Today Mark Hall, the lead singer from my favorite Christian group Casting Crowns, is undergoing surgery for cancer.
Also today I and one of my brothers will be accompanying my Dad to a cancer treatment center in order to glean information about the options of treatment for my Dad's recently diagnosed cancer.
I am finding it difficult to breathe. Not in a true physical sense; nothing is wrong with my breathing. But I have learned about myself that when things get stressful I forget to breathe. I feel my body struggling; I want only to sleep; things hurt for no reason; that is when I remember that I need to take deep breaths.
I suspect if anyone had observed me yesterday in the examining room at the doctor's office with my Dad they would have thought I am a very cold person. I cannot explain why I was unmoved by the news that my Dad's cancer is very aggressive and the recommendation that extreme measures be taken to hold it at bay. Why I doled out tissues to my Dad and his friend but I didn't need any. I watched my Dad's reaction, observed the look on his face which I've seen just once before (the moment his Mom passed from death to eternal life). I observed his friend, a woman who has become valuable in our lives, struggling beneath the weight of the news that she is going to lose a man who has become valuable in her life. I don't believe I was in shock. This was not unexpected news for me. I had read much about Dad's condition since first learning there was something wrong. I knew the possibilities.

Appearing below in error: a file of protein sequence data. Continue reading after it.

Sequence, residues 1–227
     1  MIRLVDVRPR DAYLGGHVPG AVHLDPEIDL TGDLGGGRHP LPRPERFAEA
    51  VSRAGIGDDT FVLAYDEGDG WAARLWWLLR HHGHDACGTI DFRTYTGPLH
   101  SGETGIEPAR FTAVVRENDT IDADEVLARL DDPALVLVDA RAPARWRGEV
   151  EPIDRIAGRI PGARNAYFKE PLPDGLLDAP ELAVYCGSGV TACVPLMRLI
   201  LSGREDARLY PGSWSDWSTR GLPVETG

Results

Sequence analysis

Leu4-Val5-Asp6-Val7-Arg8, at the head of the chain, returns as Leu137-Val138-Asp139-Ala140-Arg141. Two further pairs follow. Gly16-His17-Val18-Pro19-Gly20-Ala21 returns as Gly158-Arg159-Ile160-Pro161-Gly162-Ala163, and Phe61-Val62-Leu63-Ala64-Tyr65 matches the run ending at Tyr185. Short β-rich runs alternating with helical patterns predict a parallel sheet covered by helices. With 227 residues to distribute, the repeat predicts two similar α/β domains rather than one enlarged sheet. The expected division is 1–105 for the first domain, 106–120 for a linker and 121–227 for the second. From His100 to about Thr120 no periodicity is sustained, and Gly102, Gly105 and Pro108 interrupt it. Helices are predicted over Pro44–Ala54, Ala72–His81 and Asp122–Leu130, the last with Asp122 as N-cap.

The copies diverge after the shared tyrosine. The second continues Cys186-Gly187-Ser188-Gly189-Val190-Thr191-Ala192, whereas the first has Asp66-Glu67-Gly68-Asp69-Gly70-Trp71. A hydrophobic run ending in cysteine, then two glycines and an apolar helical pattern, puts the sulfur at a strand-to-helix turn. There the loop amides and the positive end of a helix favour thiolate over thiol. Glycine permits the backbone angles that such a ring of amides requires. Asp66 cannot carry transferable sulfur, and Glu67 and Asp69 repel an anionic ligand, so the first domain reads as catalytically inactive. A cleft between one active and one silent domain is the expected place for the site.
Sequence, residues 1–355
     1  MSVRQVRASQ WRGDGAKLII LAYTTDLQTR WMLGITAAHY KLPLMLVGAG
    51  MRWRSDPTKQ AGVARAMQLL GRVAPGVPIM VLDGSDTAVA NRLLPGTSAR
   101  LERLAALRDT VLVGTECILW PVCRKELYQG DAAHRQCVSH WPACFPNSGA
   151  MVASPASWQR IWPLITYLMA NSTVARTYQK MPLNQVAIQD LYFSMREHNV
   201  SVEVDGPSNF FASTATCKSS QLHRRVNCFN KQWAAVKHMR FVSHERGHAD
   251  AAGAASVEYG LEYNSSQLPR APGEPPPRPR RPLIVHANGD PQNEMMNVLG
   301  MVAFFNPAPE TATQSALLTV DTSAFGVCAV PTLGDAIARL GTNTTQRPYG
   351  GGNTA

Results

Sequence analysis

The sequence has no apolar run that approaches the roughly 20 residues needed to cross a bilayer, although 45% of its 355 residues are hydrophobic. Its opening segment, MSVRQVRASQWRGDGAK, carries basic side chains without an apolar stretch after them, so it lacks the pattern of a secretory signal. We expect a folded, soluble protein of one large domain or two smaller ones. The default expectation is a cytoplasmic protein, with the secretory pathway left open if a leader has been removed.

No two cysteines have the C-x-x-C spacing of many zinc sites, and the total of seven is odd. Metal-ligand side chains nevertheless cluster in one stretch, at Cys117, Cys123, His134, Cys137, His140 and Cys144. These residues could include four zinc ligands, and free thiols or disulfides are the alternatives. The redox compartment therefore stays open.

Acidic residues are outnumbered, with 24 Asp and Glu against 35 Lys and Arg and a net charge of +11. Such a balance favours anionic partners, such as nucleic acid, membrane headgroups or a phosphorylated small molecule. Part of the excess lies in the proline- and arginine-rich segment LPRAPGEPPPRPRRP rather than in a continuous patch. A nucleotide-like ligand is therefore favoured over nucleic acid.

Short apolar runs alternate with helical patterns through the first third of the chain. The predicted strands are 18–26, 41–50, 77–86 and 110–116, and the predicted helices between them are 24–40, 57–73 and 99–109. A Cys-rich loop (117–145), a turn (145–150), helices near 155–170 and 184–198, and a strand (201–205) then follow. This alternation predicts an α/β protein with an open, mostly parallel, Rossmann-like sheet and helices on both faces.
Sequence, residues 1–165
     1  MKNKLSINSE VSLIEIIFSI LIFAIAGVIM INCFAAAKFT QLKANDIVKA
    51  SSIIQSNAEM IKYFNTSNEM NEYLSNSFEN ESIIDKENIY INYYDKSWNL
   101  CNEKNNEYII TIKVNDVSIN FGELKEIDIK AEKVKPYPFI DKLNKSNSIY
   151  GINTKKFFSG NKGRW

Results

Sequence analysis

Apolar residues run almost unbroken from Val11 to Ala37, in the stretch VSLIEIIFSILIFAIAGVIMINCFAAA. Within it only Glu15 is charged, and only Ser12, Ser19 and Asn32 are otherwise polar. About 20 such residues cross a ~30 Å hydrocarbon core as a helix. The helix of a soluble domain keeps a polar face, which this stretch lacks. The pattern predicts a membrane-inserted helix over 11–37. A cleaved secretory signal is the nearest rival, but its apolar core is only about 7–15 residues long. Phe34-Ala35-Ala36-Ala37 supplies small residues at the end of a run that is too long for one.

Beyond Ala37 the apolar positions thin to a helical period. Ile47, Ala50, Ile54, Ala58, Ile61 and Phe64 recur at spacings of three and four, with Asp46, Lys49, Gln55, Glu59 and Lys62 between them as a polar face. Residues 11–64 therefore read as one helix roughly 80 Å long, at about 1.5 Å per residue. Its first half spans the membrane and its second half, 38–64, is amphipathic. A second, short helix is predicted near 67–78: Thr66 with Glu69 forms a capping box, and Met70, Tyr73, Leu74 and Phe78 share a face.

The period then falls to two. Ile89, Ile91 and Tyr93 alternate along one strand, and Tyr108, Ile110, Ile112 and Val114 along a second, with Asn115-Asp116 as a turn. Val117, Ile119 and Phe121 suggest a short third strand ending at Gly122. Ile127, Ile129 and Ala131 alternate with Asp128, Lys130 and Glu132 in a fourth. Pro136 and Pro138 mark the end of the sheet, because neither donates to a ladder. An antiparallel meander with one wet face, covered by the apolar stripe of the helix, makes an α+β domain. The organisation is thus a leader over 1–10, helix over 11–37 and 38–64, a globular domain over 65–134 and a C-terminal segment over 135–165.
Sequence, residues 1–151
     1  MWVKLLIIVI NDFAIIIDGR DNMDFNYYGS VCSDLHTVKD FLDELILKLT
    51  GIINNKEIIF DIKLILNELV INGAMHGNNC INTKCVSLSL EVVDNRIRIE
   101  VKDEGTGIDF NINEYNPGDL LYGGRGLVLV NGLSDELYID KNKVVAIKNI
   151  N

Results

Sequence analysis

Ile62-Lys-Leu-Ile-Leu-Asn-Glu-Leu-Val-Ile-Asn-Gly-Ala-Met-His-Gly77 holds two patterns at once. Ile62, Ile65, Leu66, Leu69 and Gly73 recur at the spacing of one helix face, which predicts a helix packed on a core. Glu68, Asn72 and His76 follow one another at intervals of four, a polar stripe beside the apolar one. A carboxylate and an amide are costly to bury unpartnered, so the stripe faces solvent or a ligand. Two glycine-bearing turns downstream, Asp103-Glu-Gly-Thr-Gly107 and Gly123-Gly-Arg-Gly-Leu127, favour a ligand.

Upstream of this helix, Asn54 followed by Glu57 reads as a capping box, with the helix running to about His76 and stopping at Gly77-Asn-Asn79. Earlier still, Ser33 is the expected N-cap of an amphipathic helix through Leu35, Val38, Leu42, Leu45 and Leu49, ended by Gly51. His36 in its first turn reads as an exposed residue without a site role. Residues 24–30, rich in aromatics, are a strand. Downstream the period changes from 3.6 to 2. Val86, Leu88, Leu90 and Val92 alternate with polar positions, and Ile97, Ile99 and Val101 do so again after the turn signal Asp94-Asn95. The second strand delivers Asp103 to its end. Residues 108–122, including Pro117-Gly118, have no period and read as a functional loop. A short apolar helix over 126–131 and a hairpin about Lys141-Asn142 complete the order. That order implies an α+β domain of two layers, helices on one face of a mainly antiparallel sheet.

Yesterday, before getting the news, I prayed for Mark Hall. I'm going to be honest here, and it will give people yet another reason to think I am cold. I told God that, if it were possible, I would choose for my Dad to die rather than Mark Hall. I don't think that makes me cold. The fact is that Mark Hall is a relatively young man and I believe he has young children. My Dad, at nearly 85, has already lived longer than many people. His children are grown. He has grandchildren and great grandchildren. I want Mark Hall to have the opportunity to watch his children grow up, get married and give him grandchildren.
I've told people that I lost my Dad the day my Mom died. The man I knew as my father disappeared. Once in a while I saw a glimpse of him but, truly, the Dad I knew has never fully reappeared. Which is not to say all has been gloom and doom. I have shared many times of rich, full laughter with my Dad. Even yesterday, after we returned from the doctor, there were times of laughing so hard I could barely breathe. But I've had nearly five years of realizing my Dad was not really here anymore.
So why, now, am I struggling to breathe?